Tuesday, March 29, 2016

T is for Making Maple Syrup

Happy T Day everyone one.
Stop by   Bluebeard and Elizabeth's blog- Altered Book Lover, to see what the T Gang has to show today.
I am going to show you something a little different today. No tea or coffee for me today, but maple syrup instead. Not quite drinking but needed for the breakfast photo I am sharing. 
Hope this divergence is allowed.:)
So I might have shown  you this little green building in a post last summer or so.  This is a sugar shack on my walking route down my road. And when we walked by on Easter morning we had the nice surprise of seeing them actually making maple syrup.
It is sugar season here in New Hampshire, along with Maine, Vermont, Massachusetts and other sugaring places, even if it has been a weird winter and not necessarily the best sugaring year.
 These guys have been tapping the sap sugar maple trees in the woods around the shack. In the old days they would use buckets tapped into the tree and then empty the buckets in the boiler, but now they use a bag with a long plastic pipe attached to it. This way the sap drips right down into the pipe and it feeds down into a large sap collector.

Here's 2 photos off of Wikipedia (https://en.wikipedia.org/wiki/Maple_syrup) to show you the new bags, sap collecting pipes and the old fashioned buckets.

Once the sap is collected, they pipe it into this boiler where the sap gets heated to boiling. These guys were doing it the old fashioned way, heating the sap with a wood stove. Then as the sap heats up and boils, the water evaporated and leaves the sweet maple syrup behind.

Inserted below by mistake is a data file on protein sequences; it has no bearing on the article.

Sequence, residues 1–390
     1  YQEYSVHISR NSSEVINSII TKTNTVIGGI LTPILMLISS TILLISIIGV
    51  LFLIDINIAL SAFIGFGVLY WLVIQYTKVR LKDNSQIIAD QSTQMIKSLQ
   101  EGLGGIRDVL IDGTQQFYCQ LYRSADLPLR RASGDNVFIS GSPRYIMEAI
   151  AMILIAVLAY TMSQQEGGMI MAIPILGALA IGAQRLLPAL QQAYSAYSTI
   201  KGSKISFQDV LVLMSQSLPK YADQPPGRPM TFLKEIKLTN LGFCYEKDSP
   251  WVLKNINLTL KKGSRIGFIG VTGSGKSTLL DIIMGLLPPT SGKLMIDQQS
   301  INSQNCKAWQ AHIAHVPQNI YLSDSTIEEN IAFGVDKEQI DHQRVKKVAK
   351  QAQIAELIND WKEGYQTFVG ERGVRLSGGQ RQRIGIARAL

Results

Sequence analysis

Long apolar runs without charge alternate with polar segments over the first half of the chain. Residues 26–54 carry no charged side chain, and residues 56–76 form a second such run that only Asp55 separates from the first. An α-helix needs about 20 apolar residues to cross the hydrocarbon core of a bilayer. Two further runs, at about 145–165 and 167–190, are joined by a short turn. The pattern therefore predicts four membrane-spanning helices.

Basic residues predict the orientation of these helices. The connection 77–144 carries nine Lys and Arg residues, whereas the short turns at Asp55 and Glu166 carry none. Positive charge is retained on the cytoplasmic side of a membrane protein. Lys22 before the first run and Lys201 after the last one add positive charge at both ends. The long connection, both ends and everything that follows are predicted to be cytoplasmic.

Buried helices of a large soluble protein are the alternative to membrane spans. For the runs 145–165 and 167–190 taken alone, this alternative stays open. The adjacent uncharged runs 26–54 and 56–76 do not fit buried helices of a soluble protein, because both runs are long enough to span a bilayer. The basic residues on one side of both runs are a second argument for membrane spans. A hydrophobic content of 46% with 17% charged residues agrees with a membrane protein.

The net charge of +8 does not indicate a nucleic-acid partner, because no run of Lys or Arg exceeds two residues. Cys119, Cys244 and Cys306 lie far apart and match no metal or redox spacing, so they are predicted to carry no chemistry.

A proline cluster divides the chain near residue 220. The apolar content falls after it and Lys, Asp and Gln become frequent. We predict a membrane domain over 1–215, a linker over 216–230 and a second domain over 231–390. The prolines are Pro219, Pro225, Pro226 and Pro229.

I'm  not quite sure how this second pan works, but they told me the more concentrated syrup works its way along  towards the tap.
I'm sure there is a little more science behind it than I briefly explained. And I  did learn a few others things talking to the guys too. I learned that syrup picks up flavors very easily so you should buy it in glass bottles if you don't plan to use it up right away. And you want to use clear sap when you go to make the syrup. The sap runs best when the nights are cold and the days are warm, not hot, and its better when the buds haven't pop (which I noticed on the one sugar maple in my yard that they have popped).
I love the idea that this is a product that is still often made the old fashioned way in these little sugar shacks, and I love the idea that I can buy some syrup made right down my street,
And yes, I live on gravel road. No pavement here in the woods where I live.
Now I want a big plate of blueberry pancakes.
Or maybe regular pancakes with an egg tucked inside.
Thanks to all of you who wished me luck with my car inspection.  You must have sent enough good vibes because my car passed. Yahoo!
Have a happy T Day everyone.


Lisca said...

Now this is a very interesting post. I'm sure you will be forgiven for not strictly speaking having a drink.
I love maple syrup. It is an exhorbitantly expensive little indulgence, and difficult to find here out in the sticks, but I do have a little (glass) bottle in my pantry. I developed a taste for it after visiting Canada many years ago.
So it is interesting to learn how it is harvested and made. I will show this to my husband later on too.
The pancake look delicious too. I have never made american pancakes but when my dieting is over I will have a go. (We have thin, flat pancakes, crepes as they are called in France).
Great that your car past the inspection!
Have a good week,
Happy T-day,

Anonymous said...


glad the inspection went well!

Linda Kunsman said...

there's nothing better than a car in good working order that's for sure:) Thanks for sharing the wonderful info about the syrup making. I have never seen a sugar shack. Looks like you live in a very peaceful place. Happy T day!